Canada-wide incidents of vandalism, violence and harassment targeting the Jewish community dropped by 5.3 per cent in 2013 compared to the year before, according to the Annual Audit of Antisemitic Incidents, published by the League for Human Rights of B’nai Brith Canada.
Altogether 1,274 cases were recorded by the League. While harassment dropped by 13.9 per cent in 2013 from 2012, incidents of vandalism and violence increased by 21.6 per cent and 7.7 per cent respectively.
The League speculated that reporting of harassment may be down because of feared social repercussions and retaliation in the workforce, plus the reluctance of law enforcement to “resolve complaints.”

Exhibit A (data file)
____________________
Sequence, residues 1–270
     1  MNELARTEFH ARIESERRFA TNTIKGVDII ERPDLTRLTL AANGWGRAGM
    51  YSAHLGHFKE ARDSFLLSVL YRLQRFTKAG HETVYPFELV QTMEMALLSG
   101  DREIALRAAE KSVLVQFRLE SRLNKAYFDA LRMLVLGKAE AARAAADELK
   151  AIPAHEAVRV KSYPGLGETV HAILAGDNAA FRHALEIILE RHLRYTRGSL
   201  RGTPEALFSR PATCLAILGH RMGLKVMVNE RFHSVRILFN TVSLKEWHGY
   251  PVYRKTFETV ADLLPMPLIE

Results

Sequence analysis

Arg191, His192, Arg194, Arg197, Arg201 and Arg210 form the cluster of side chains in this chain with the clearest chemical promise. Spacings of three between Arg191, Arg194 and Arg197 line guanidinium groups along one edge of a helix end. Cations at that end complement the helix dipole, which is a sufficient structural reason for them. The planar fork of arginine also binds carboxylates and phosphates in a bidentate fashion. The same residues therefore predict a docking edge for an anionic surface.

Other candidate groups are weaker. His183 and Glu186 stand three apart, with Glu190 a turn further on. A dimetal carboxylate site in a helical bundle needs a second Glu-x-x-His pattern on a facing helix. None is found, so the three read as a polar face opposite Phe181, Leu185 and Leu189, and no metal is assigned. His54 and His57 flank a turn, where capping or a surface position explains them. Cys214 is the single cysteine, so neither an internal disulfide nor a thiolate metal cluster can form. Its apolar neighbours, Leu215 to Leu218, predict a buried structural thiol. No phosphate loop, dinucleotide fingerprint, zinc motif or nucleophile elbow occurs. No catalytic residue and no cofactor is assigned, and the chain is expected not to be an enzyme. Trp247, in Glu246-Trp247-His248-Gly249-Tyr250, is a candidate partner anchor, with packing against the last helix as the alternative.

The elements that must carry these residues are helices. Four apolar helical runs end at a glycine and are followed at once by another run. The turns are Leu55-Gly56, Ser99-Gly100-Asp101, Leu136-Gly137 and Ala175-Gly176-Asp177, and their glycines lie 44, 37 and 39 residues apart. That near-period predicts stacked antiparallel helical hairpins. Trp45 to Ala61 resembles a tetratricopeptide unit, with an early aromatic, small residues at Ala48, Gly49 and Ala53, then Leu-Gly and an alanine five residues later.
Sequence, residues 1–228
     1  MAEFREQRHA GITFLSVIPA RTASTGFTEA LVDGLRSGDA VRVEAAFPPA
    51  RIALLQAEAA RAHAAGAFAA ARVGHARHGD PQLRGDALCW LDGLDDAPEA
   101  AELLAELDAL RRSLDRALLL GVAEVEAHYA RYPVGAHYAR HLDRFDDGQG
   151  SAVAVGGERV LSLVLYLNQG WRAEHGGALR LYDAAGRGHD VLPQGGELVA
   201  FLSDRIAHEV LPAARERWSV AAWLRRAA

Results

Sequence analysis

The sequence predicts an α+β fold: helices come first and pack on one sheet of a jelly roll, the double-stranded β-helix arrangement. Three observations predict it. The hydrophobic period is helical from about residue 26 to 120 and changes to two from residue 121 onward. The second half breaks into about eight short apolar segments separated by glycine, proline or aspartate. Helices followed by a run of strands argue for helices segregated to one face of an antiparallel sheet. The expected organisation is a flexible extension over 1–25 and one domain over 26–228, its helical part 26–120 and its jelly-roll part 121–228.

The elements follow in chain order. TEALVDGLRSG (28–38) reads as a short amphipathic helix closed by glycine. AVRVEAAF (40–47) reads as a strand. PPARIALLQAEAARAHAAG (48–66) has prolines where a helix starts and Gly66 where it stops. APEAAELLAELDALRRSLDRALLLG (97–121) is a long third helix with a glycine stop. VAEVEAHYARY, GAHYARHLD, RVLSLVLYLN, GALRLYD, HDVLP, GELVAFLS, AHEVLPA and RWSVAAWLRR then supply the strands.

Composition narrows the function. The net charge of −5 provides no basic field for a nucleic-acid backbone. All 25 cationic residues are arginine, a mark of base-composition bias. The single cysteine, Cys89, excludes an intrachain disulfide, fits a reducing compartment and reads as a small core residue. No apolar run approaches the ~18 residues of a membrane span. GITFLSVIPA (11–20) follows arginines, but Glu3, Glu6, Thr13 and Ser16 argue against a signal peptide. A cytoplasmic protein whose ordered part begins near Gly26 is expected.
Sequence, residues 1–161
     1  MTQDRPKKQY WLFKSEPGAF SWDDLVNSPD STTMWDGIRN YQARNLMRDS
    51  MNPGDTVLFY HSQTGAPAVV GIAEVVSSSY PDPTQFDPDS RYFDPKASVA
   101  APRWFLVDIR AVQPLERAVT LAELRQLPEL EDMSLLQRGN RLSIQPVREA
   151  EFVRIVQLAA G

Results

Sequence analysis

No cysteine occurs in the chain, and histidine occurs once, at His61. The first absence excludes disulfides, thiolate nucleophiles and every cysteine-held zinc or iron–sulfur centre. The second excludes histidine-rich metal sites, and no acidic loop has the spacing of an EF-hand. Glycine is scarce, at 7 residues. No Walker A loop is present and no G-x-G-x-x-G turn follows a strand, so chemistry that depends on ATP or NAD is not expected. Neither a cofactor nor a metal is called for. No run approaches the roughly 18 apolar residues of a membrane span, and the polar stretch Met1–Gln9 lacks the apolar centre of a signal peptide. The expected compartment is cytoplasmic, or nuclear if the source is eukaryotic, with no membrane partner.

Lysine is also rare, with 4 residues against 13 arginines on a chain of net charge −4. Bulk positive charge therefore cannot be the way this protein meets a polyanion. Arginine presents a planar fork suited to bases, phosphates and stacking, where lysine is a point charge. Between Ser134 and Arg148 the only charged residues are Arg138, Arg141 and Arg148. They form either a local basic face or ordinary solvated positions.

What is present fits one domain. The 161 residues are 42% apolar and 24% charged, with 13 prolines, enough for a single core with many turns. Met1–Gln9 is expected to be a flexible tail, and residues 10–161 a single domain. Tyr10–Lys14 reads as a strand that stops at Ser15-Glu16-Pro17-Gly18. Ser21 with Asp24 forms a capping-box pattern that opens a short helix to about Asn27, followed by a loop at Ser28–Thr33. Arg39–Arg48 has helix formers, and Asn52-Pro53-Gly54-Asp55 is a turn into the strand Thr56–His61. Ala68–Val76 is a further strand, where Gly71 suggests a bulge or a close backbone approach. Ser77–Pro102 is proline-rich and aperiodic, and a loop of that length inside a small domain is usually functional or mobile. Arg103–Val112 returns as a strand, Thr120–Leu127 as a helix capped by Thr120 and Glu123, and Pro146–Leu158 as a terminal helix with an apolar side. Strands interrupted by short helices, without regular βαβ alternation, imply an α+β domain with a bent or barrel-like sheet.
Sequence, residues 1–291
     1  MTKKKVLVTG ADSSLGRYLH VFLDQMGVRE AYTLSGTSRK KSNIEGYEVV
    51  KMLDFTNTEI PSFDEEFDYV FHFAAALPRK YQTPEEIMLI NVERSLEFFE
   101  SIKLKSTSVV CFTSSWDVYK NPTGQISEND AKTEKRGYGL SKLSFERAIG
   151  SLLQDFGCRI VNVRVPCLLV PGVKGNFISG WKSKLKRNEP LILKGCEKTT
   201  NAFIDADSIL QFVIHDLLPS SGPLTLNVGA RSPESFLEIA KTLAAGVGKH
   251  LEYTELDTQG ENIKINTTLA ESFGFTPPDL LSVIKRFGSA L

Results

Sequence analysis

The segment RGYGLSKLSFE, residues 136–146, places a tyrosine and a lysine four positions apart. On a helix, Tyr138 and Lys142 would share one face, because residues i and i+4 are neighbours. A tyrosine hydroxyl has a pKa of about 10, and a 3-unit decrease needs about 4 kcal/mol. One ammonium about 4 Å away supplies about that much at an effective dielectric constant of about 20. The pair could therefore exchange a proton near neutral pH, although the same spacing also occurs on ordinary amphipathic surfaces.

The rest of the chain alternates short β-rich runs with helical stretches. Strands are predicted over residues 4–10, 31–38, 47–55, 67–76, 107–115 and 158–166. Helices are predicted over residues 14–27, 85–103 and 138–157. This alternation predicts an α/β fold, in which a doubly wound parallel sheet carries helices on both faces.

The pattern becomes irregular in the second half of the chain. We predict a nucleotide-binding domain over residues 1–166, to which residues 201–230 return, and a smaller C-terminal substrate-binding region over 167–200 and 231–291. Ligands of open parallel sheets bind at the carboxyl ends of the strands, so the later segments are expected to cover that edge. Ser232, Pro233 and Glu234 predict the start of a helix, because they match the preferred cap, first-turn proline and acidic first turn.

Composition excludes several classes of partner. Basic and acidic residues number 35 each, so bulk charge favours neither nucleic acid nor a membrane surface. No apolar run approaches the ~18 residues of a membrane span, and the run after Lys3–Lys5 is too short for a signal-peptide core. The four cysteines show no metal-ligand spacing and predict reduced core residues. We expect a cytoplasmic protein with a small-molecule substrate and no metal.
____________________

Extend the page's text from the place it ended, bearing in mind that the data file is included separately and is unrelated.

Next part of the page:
The overall trend over 10 years showed a 49 per cent increase in the level of anti-Semitism in Canada, said Frank Dimant, CEO of B’nai Brith Canada.
“Although the numbers for this year are down slightly, hatred of Jews has veered so far into normative discourse that it is no longer seen as wrong,” said Dimant.
Anti-Semitic imagery and harassment is especially prevalent on Canadian campuses, he added.
“The de facto replacement of ‘The Jew’ with Israel, combined with the constant barrage of Holocaust imagery in relation to the Jewish state and Jews and its supporters, create a visceral sense of apprehension,” Dimant said.